The spleen is the largest organ in the lymphatic system and contains special tissue that filters the blood, getting rid of old or damaged red blood cells (RBCs). While RBCs have a disk diameter close to 10 microns, they must squeeze through the slit less than a micron wide to pass through the spleen’s filtration system.
A new article reports on a computational study that investigates how RBCs manage to squeeze through a submicron slit. The authors show that the formulated boundary integral method can successfully predict the dynamics of this process. This numerical method can be applied to a wide range of biological applications, including lab-on-chip technologies, microfluidic devices, drug delivery and cell extravasation.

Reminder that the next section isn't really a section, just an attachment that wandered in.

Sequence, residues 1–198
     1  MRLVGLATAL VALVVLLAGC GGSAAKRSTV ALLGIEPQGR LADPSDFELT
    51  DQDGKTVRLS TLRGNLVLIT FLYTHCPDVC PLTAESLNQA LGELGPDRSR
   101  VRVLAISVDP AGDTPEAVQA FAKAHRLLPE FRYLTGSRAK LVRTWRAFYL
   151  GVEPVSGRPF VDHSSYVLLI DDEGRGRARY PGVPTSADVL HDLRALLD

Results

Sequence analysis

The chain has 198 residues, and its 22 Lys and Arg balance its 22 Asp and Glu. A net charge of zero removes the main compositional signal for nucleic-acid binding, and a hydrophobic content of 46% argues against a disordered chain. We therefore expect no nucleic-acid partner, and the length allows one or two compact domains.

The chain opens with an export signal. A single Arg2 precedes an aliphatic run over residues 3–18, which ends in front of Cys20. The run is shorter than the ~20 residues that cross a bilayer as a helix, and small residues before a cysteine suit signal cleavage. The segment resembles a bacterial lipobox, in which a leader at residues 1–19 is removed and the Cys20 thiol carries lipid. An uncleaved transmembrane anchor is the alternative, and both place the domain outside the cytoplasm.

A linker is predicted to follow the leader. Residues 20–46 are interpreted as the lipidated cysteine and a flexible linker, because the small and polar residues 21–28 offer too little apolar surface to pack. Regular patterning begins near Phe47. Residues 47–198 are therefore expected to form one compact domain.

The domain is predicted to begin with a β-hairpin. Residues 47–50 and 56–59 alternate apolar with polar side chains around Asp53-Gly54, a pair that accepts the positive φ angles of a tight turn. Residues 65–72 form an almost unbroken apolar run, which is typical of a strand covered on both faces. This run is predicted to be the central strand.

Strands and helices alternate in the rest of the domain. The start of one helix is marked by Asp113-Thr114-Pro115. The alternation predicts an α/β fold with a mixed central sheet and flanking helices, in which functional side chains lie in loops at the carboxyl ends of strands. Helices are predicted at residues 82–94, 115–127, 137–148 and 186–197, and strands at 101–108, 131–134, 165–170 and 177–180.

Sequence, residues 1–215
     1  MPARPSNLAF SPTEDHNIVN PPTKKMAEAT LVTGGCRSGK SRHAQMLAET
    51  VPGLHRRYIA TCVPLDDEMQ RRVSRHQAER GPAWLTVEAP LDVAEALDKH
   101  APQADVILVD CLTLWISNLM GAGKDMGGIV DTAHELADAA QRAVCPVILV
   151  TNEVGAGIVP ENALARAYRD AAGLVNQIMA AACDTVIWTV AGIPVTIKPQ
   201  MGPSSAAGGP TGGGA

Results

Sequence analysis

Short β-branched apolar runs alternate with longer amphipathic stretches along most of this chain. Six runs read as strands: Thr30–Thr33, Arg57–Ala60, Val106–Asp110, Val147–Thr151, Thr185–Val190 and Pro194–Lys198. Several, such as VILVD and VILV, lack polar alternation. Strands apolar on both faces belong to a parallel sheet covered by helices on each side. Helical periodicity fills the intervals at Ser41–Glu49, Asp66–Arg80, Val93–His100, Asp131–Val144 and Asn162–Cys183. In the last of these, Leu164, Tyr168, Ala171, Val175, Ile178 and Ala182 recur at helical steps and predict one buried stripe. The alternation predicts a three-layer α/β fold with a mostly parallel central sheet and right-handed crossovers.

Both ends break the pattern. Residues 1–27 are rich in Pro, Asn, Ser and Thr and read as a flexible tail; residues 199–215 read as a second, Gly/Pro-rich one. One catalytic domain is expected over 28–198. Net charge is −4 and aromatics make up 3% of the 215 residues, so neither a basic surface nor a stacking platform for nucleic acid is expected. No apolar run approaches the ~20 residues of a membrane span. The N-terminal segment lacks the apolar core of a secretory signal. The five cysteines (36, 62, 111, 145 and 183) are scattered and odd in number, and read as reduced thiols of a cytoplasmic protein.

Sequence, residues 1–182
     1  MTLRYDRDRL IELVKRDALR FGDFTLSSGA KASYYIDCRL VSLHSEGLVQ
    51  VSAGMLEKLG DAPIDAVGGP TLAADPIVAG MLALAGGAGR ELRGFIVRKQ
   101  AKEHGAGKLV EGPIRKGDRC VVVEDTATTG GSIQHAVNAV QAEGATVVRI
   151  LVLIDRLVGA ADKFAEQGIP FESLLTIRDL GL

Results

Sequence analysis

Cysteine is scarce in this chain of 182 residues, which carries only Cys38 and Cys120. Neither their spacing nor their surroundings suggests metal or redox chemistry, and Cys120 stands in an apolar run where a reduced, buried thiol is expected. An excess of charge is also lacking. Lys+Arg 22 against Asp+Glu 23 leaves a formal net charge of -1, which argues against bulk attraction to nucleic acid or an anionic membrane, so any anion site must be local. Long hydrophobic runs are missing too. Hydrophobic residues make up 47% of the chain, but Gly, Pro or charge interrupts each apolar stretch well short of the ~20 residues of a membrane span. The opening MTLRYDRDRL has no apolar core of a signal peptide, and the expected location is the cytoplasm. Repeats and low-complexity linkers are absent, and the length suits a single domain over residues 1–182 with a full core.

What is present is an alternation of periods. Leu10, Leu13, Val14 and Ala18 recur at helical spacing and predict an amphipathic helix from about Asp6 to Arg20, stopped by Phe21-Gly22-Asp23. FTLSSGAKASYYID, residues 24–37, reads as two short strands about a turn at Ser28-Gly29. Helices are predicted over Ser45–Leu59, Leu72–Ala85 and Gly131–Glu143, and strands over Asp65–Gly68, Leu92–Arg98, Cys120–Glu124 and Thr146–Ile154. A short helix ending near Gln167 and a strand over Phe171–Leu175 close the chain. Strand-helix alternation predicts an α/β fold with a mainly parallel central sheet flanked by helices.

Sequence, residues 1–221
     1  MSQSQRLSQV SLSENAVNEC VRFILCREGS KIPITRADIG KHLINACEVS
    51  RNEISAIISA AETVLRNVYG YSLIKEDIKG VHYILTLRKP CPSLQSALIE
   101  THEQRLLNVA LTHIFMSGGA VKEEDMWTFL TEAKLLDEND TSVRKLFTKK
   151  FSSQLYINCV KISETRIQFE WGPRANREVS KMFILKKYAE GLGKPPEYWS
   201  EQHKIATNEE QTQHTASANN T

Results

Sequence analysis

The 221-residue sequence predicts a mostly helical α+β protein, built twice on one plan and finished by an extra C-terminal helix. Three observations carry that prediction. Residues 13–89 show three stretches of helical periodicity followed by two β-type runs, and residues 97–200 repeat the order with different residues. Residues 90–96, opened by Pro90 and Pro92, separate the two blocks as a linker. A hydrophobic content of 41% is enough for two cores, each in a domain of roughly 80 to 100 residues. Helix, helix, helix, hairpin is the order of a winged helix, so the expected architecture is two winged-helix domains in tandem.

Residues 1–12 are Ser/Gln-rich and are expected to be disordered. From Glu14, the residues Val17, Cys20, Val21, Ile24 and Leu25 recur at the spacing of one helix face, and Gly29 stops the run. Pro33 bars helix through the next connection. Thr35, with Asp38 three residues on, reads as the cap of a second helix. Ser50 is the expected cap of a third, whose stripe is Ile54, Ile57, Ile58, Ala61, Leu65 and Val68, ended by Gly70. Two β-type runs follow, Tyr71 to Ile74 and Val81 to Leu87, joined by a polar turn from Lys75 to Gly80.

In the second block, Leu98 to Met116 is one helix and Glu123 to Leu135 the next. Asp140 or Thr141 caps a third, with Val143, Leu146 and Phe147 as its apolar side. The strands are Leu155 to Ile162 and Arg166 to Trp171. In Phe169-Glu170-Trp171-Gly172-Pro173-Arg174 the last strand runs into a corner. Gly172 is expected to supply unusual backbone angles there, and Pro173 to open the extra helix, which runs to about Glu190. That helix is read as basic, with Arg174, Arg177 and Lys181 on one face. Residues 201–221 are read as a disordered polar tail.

For the fluids surrounding the RBC, they derived the boundary integral equations of a cell immersed in a confined fluid domain with prescribed inlet and outlet pressures, which sets their simulations apart from previous studies that used a prescribed velocity or flow rate. For the solid structure of the RBC, the authors employed a multiscale approach to the cell membrane that included three models at different length scales.
Simulations of an RBC squeezing through a submicron slit matched up well when compared with a real-world experiment involving an RBC squeezing through a submicron slit in a microfluidic device.
Lastly, the authors investigated the effects of pressure drop, volume-to-surface-area ratio, internal viscosity, and membrane stiffness of RBC deformation and internal stress. The findings showed that cytoskeletal proteins of RBCs could be stretched by more than 2.5 times under high hydrodynamic pressure. The bilayer tension could be large enough to open the mechanosensitive channels and further decrease the cell volume to allow it to pass through the slit.